1.) Quitting my full-time position at The Boston Globe to begin focusing on the label. While it wasn’t the brightest personal finance decision I’ve ever made, it was one that felt right and has, I feel, completely re-charged the label. It was stressful for awhile watching my savings slowly deplete and losing my health benefits, etc. but it allowed much more flexibility and freedom to get more accomplished with the label — and ultimately offer more to the bands we work with. I never feel like I’m “working” even at the end of a 12-hour day of mailing out orders. I think that’s huge.

2.) Securing a distribution deal. I remember very early on — when the label had a very small following and modest resources — speaking with a friend and having him ask, “so if I were in a band, why would I want to work with you to release my record and split all the profits with you? What can you do that I can’t do for myself?”. While there’s loads of intangibles and I think there’s definitely something to be said for having a label that truly believes in your art going to bat for you, I really had trouble giving a satisfactory answer to that question at the time. That stuck with me for a while and when we started lining up all of our distribution channels, I felt like that was a big part of the answer. It’s crazy to see records you’ve released in stores all over the world.

3.) Not many people know this, but in the winter of 2008/2009 the label almost completely fizzled out of existence. I wasn’t into it and felt like we were directionless. I was definitely more focused on school and starting my career as a web developer. I recall everything being a challenge and it just felt like no one cared about what we were doing. We didn’t have any momentum and Seth and I had a falling out which basically involved me just completely checking out from the whole thing. We’d put out a handful of records for bands that broke up soon after or just didn’t really tour much, if at all, so it was really tough to get people to give a damn. That definitely took a toll on both of us and the label in general. I sincerely thought it’d end that year and at the time, that didn’t even really bother me because it felt like the release of a burden (the complete opposite would be the case now — I’d be devastated). After a few months, I started going to shows again and started to feel the itch to pick it back up. I reached out to Seth and we had a long conversation detailing what we wanted to accomplish. Soon after we released a sequence of albums that would become the foundation for basically everything we do: Pianos Become the Teeth’s “Old Pride, My Heart to Joy’s “Seasons In Verse”, We Were Skeletons’ “S/T”, Big Kids’ “Hoop Dreams”, Defeater’s “Travels” and Rooftops’ “A Forest of Polarity”. So, while not a “moment”, that was definitely a defining time-period for us.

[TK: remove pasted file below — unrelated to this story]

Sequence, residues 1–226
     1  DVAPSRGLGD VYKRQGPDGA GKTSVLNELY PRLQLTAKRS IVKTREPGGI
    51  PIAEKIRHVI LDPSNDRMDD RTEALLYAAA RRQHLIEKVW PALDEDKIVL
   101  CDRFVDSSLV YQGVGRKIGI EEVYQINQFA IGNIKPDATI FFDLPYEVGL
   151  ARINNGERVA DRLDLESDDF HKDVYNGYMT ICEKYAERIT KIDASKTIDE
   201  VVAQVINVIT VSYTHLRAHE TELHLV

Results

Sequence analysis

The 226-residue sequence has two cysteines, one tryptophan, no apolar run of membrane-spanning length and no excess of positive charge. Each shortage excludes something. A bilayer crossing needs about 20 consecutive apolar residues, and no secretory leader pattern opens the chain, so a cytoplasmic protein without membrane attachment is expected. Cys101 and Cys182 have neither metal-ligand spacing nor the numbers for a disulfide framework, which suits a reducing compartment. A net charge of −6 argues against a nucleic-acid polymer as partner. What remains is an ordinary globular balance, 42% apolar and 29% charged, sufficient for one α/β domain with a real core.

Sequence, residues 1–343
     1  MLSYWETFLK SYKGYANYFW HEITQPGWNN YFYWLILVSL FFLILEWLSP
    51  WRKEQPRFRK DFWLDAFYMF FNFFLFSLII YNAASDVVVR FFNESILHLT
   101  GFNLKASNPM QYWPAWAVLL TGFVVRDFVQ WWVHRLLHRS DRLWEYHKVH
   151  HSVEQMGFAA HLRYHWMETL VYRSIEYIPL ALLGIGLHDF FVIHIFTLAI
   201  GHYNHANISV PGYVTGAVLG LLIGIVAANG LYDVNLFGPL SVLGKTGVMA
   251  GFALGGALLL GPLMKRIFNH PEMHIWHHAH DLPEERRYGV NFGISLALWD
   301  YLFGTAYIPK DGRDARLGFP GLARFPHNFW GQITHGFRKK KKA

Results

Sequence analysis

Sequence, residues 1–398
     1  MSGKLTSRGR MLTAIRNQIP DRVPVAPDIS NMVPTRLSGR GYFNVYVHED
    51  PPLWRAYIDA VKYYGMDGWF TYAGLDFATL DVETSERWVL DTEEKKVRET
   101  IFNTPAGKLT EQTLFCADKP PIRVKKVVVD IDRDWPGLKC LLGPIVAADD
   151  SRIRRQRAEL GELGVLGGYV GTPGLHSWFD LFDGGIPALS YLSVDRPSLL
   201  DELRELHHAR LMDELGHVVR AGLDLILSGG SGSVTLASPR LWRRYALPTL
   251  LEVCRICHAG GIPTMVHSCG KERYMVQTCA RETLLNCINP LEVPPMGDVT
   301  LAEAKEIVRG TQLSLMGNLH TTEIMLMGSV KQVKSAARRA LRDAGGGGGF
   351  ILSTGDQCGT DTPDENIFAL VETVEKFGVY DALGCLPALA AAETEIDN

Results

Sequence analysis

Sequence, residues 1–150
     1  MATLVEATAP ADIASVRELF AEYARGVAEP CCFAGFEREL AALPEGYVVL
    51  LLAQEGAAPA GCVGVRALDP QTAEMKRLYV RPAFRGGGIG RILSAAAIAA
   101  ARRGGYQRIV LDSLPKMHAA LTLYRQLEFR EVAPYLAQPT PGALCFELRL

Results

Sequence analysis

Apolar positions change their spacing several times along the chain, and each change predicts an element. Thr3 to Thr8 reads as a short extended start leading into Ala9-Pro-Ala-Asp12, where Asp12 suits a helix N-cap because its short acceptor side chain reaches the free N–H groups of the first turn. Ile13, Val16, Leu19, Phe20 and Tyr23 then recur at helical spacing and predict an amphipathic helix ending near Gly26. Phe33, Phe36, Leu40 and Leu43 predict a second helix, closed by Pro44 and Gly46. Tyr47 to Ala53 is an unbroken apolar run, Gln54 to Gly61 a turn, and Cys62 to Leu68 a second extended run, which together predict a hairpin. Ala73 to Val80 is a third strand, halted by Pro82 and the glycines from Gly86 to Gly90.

You guys recently launched a new website with a pretty comprehensive discography page that you put a lot of time into. What made this such an integral part of the site? I don’t think I have ever seen a label who had such an in-depth discography page and it looks awesome!

Duquette – Thanks! We’ve always wanted to do this and Limited Run (the platform we built the store on) has a module that made it super simple. We realize that the niche we’re in caters largely to the type of person who buys physical media (like ourselves) and totally warrants — demands and expects, even — this type of thing. We wanted it to be a one-stop for anything and everything about any of our releases. We’ll slowly be adding more to each entry including behind-the-scenes accounts and interviews with producers, engineers, band members, artists and ourselves who were involved with the release as well as a complete photo vinylography for each release. We hadn’t seen another label try it to this extent and saw that as a cool challenge. In building this site, I wanted it to be so much more than just another website. I actually spent the most time on this section because it was just so fucking sexy to see all of the records we’ve released laid out like this [laughs]. I’m glad it’s appreciated.

What was it like to have The World Is a Beautiful Place & I Am No Longer Afraid to Die place in the Billboard 200? What do you remember about that day and did you anticipate such an overwhelming response?